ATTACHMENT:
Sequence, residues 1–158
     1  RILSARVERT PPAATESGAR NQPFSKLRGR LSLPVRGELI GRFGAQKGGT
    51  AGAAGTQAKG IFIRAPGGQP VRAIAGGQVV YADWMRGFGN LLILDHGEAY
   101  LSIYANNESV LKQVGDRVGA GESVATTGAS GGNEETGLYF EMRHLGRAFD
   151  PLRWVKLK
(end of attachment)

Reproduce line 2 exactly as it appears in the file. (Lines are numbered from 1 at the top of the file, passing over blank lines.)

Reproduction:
     1  RILSARVERT PPAATESGAR NQPFSKLRGR LSLPVRGELI GRFGAQKGGT